Pavlensky, 32, and several other artists, built a barricade using found material, then set it afire, on St. Petersburg's Tripartite Bridge while hoisting Ukrainian flags.
Their performance was in emulation and support of pro-Western demonstrators in Kiev who burned tires to create smokescreens against snipers while protesting the government of eventually deposed president Viktor Yankovich.
Pavlensky was sentenced to a 16-month prison term Thursday but the case's statute of limitations had expired.
He remains in custody, awaiting another trial in which he is accused of setting fire to the main doors of Russia's Federal Security Service, or FSB, in 2015.
He was arrested and charged with damaging an object of cultural heritage; the maximum penalty for the crime is three years' imprisonment.
The artist is regarded as a provocateur in a country where politicized art is often met with government censorship.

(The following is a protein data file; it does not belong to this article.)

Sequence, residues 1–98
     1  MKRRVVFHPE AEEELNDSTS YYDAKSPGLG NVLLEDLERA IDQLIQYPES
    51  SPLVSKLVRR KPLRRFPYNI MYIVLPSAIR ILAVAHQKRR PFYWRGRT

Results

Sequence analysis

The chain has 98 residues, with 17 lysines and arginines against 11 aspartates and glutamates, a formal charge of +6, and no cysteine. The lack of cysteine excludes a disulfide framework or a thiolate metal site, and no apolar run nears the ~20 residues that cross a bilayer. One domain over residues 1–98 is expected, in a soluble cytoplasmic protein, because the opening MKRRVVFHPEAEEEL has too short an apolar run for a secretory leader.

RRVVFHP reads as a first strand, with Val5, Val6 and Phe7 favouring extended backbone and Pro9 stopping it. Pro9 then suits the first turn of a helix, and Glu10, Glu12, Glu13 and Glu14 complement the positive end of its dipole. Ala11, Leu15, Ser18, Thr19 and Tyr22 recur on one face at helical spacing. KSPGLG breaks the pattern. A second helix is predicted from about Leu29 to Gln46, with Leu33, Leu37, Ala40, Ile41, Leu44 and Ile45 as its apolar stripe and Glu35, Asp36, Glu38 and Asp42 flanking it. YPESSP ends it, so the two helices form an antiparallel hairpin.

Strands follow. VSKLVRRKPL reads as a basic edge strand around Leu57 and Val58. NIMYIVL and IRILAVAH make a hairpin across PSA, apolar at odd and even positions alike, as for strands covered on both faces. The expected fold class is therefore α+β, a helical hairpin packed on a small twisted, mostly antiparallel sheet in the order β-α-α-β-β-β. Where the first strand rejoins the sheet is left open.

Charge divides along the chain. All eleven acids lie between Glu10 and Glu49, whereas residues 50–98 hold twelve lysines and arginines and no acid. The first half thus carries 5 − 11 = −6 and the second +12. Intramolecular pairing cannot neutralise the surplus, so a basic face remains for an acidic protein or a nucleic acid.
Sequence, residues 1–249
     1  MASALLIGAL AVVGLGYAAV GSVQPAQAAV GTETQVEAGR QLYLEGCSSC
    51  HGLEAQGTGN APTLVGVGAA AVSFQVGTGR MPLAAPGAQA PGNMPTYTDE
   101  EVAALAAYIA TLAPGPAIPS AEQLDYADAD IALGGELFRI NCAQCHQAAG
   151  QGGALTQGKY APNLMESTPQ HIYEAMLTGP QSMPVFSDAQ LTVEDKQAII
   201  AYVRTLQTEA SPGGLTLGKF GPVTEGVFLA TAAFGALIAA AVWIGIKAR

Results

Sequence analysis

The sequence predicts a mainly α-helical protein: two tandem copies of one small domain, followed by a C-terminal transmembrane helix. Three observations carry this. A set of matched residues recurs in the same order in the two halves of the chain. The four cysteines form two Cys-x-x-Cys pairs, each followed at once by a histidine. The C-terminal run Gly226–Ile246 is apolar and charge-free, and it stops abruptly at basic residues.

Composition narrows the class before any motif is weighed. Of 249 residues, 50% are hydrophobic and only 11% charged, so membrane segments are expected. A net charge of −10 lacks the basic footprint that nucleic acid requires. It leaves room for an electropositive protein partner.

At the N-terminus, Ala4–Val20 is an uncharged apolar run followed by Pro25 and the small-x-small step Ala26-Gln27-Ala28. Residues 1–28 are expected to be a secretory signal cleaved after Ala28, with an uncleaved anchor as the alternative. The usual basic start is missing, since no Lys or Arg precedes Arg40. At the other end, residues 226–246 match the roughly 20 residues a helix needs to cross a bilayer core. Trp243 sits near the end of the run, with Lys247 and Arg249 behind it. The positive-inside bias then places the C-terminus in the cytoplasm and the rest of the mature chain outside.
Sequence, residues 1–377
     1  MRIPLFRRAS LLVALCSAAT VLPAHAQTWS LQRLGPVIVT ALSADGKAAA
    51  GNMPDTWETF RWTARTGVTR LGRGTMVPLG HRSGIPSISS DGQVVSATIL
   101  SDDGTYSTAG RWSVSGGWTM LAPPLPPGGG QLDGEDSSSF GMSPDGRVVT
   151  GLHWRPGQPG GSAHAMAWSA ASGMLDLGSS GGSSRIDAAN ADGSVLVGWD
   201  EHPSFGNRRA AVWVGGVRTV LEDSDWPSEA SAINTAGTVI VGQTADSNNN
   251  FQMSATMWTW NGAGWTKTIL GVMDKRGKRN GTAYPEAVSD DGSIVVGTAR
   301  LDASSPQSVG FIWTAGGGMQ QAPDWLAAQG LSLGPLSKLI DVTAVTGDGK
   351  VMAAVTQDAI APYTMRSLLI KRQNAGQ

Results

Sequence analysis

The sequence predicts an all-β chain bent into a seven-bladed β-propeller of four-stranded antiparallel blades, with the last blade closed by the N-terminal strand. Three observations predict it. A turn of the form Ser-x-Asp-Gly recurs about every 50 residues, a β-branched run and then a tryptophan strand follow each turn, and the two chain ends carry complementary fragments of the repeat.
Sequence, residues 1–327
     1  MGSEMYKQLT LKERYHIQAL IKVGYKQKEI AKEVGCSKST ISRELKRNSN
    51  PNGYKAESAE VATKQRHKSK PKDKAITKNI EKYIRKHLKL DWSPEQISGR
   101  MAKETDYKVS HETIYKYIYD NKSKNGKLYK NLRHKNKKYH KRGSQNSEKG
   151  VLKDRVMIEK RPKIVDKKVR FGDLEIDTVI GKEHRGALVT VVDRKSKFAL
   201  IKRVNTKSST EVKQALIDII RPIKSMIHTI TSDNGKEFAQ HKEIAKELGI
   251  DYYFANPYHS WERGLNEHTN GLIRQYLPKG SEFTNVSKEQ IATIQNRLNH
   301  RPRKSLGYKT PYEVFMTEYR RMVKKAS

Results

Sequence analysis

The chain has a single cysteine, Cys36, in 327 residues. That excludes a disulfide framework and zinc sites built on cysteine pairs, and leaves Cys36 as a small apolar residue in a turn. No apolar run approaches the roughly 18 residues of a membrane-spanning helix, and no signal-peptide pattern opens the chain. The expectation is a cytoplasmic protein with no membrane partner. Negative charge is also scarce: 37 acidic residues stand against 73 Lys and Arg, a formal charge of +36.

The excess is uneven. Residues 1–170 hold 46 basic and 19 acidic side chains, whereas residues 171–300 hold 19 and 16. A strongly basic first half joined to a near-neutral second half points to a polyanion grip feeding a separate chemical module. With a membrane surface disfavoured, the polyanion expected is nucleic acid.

Pavlensky sewed his lips shut in 2013 after members of the band Pussy Riot were imprisoned, nailed his testicles to the pavement in front of Moscow's Lenin Mausoleum in 2013 and wrapped himself in barbed wire at St. Petersburg's Legislative Assembly.
Each act was a protest against the government's limitations on citizen's rights.
After the attempted burning of the FSB doors, Pavlensky said in a statement, "The FSB acts using a method of uninterrupted terror, and maintains power over 146 million people. Fear turns free people into a sticky mass of uncoordinated bodies."